After you file a claim with your visitor medical insurance company, and your claim has been processed, you’ll receive an EOB from your insurance. An EOB, or Explanation of Benefits, is a document that includes everything you need to understand your claim. It may include information such as an itemized breakdown of your claim, which claims were paid or not paid, PPO network discounts, and more. It will detail how much of your services or treatment from a provider is covered by your benefits and how much is your responsibility, although your EOB is not a bill.
While an EOB is extremely helpful to understand your processed claim, you may find it difficult to interpret at first glance. Let’s take a deeper dive into how to read an EOB and what information is typically included in your insurance policy’s Explanation of Benefits.
What’s Included in an EOB?
While the information in your Explanation of Benefits will vary depending on your policy’s insurance company and your individual plan, it generally includes key details that will help you better understand the outcome of your claims. The majority of EOBs will include the following information:
Customer Service Information - This includes the insurance company’s customer service contact information and the date that your EOB was prepared.
Provider and Patient Details - Your EOB should include your name and patient ID (as assigned by the provider) along with the provider’s name and group number.
Date of Service - The date of which you received your treatment/service listed in the EOB.
Service Code - This represents the type of service you received from the provider.
Total Charge - This is the full amount billed by the service provider to your insurance policy.
Not Covered - The portion of the total charge that is ineligible or not covered by the insurance plan’s benefits.
Reason Code - The reason code, or remark, corresponds to a reason as to why there is an amount that is not covered. The corresponding remark to the reason code can typically be found later in your EOB.
Discount Amount - This represents the discount you received on your services by visiting a provider that is in network.
Covered by Plan - This is the amount of total changes that is eligible for your insurance plan’s benefits.
Less Deductible - This represents the amount that you are responsible for during each period of coverage.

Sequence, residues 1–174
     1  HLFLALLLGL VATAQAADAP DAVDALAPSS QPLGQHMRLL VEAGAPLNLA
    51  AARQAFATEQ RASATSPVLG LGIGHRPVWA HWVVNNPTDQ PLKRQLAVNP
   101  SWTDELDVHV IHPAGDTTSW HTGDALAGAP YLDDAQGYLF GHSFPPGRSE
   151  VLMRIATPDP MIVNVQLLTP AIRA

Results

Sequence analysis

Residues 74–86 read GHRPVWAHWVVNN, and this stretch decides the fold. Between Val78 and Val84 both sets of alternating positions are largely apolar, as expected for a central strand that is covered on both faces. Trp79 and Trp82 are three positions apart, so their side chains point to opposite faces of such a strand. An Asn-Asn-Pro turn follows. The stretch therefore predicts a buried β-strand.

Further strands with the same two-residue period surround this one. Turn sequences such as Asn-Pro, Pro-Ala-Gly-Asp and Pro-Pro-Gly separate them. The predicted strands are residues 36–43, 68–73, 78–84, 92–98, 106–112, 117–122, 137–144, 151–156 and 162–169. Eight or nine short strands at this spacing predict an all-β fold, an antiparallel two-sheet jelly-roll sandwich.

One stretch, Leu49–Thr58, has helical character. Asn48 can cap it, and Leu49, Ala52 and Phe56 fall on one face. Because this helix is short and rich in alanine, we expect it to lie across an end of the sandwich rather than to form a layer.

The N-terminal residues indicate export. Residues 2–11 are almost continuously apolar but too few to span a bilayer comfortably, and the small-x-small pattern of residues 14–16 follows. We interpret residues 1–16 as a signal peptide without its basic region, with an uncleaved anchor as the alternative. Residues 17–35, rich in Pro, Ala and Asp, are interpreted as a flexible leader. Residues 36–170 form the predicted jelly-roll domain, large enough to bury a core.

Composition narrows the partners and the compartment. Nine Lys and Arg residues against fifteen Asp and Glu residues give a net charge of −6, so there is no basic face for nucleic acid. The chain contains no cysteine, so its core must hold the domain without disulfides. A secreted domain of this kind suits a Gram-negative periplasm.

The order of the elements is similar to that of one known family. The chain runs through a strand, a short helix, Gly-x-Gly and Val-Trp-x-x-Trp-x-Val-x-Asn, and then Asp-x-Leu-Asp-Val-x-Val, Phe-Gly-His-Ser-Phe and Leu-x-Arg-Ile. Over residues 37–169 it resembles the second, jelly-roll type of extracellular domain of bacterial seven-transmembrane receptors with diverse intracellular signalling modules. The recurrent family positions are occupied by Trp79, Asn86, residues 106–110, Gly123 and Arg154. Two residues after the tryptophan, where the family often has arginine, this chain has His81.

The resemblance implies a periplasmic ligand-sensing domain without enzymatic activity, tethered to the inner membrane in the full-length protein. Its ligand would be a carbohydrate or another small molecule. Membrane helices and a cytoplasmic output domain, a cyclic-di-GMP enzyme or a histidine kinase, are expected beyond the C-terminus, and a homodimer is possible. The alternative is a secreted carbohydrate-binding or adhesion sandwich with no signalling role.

Less Copay - Copay is the amount that you are responsible for and is typically set for specific services, for example, paying $25 for each doctor’s visit. You will typically pay your copay at the time of your visit or service.
Amount Subject to Coinsurance - This is the total benefit amount that is subject to coinsurance.
Less Patient Share of Coinsurance - This represents your share of the coinsurance.
Payment Amount - How much the insurance plan is paying (per claim line).
Total Patient Responsibility - How much the insurance company has determined is your responsibility to pay after the plan’s benefits have been applied.
Total Payment - The total amount paid for by the insurance plan.
Payment Details - The details of where the payment was sent by the insurance company, including the check/wire number and payment amount.
Accumulator and Amount - The amount that has been applied to your deductible or out-of-pocket amounts.
Claims Denied Due to Missing Information
If you see on your EOB that your claim has been denied due to missing information or documentation, your claim can be reopened. Any documents that are needed by the insurance company will be noted in the Remarks section on your EOB. The Remarks section is located at the bottom of your EOB and contains important information as it pertains to your claims status. Check the documents required, gather this information, and send the documents to the insurance company to reopen and reprocess your claim.
Once you receive your EOB, it is recommended to review it in full and ensure that the details of your visit(s) and total charges are correct. If you notice a discrepancy on your Explanation of Benefits, you can contact the insurance company using the customer service information provided on the EOB.
Read Your EOB With Confidence
Remember, your Explanation of Benefits isn’t a bill. It is a breakdown of your claim(s) to help you better understand how much of your treatment or services are covered by your insurance plan and how much is your responsibility.